She’s understood from the executive director that this company is growing. What happens when she brings an idea to her boss, she’s met with quite significant resistance. The boss has been in the role for under a year and was hired from outside the company. It’s a small company. Rania frequently hears from her boss that she’s thinking above her pay grade. “Your job is to run the programs and leave the business development to the “real” leaders in the organization.” Rania is a bit conflicted and confused about this.
In addition to hearing no to her ideas, Rania’s boss’s often a bit rude and brisk in her tone and one other wellness facilitator who also happens to be a woman. Rania has noticed that her boss seems far more friendly and open to their ideas with the four male employees who report to her. All of this to say, Rania was a client of mine. Her question to me was how does she have a conversation with her boss in which she can both get feedback on what approach she should take to get her ideas for building the business and in her mind following what the executive director is asking everyone to do?
How might she also have an honest conversation with her boss in which she can share some feedback up to her boss on the impact of her behavior? The impact is she’s feeling a bit shut down and losing her sense of being enthusiastic and engaged. That’s the situation I’m bringing to us, Debra. What are your initial thoughts when you hear this?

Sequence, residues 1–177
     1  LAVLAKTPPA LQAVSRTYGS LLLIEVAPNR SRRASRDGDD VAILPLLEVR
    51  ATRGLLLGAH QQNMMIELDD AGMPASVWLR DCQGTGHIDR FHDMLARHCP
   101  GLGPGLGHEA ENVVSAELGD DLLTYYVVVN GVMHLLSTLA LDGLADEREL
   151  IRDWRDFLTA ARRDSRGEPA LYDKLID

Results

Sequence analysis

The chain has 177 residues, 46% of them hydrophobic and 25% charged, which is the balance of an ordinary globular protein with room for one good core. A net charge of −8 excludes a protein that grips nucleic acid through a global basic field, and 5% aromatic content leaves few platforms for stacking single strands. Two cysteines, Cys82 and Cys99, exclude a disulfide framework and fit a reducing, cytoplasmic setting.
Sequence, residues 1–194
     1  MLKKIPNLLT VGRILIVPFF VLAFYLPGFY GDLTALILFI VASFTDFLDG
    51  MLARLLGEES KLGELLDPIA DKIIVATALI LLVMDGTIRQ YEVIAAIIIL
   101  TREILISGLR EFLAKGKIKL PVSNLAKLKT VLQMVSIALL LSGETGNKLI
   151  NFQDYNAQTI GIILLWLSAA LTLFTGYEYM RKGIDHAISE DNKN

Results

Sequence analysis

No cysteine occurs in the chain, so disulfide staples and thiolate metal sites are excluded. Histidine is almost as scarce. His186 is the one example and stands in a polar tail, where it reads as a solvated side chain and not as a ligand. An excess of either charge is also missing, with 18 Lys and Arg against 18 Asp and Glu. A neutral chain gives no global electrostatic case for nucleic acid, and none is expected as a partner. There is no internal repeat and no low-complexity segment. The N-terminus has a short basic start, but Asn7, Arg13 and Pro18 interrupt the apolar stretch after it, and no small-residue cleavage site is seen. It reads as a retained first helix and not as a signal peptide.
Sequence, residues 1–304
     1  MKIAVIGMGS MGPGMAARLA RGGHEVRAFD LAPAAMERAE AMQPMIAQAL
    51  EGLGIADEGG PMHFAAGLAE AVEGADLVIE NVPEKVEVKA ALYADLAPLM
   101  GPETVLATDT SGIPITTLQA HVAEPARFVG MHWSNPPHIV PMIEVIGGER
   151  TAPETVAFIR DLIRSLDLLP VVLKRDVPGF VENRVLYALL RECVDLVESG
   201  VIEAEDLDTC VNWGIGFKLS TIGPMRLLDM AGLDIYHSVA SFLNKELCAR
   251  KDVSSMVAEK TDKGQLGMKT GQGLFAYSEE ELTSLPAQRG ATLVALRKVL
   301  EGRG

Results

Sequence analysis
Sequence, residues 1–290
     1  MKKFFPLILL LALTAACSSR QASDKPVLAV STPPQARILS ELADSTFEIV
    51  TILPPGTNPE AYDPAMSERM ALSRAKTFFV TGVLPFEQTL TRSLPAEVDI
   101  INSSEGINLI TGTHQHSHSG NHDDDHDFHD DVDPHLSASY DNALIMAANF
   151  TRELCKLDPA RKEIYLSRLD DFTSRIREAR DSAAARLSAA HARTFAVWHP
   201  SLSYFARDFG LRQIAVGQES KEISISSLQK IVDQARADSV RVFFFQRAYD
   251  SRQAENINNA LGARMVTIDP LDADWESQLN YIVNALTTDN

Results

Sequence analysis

It’s important that your work connects you with a sense of purpose and direction.
I’m putting myself in Rania’s shoes. I can relate to this. Something similar plays out with people I’ve worked with. I’ve been in a similar situation and with the clients I’ve seen. What I find particularly interesting/troubling about this situation is that we have an employee who cares so much about her work and the success of this organization that she has sought coaching. We have someone so self-motivated and passionate about the work she’s doing. There is great meaning in it for her. She is connected to a sense of purpose both in the work that she does and is providing.
Based on what you’ve shared, it seems to be a connection to the values and vision that the executive director has set out. When you have an employee who is buying to the senior leadership’s vision perspective, motivated by that, feels a sense of connection to it and is getting stopped at that other level, that to me is a troubling scenario. If I was the leader in this organization, I want people to feel that sense of connection and the meaning and purpose of work. I want them to bring their creative ideas.